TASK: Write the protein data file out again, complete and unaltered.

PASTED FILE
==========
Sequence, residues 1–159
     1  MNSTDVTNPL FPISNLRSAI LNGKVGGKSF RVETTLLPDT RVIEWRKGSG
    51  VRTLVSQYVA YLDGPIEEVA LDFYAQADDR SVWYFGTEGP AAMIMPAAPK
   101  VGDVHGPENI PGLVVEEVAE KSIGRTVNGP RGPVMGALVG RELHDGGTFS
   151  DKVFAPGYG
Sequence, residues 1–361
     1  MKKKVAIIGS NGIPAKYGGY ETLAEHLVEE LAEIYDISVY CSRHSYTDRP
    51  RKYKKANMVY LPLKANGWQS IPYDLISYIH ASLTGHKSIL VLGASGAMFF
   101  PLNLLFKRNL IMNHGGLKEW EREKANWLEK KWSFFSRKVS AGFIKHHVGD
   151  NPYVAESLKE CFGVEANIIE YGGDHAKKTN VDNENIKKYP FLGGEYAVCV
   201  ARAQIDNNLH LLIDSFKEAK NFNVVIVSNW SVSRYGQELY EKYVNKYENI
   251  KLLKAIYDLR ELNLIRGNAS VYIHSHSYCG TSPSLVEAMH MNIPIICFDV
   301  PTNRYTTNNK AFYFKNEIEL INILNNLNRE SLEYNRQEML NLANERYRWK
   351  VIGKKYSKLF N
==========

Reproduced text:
Sequence, residues 1–159
     1  MNSTDVTNPL FPISNLRSAI LNGKVGGKSF RVETTLLPDT RVIEWRKGSG
    51  VRTLVSQYVA YLDGPIEEVA LDFYAQADDR SVWYFGTEGP AAMIMPAAPK
   101  VGDVHGPENI PGLVVEEVAE KSIGRTVNGP RGPVMGALVG RELHDGGTFS
   151  DKVFAPGYG
Sequence, residues 1–361
     1  MKKKVAIIGS NGIPAKYGGY ETLAEHLVEE LAEIYDISVY CSRHSYTDRP
    51  RKYKKANMVY LPLKANGWQS IPYDLISYIH ASLTGHKSIL VLGASGAMFF
   101  PLNLLFKRNL IMNHGGLKEW EREKANWLEK KWSFFSRKVS AGFIKHHVGD
   151  NPYVAESLKE CFGVEANIIE YGGDHAKKTN VDNENIKKYP FLGGEYAVCV
   201  ARAQIDNNLH LLIDSFKEAK NFNVVIVSNW SVSRYGQELY EKYVNKYENI
   251  KLLKAIYDLR ELNLIRGNAS VYIHSHSYCG TSPSLVEAMH MNIPIICFDV
   301  PTNRYTTNNK AFYFKNEIEL INILNNLNRE SLEYNRQEML NLANERYRWK
   351  VIGKKYSKLF N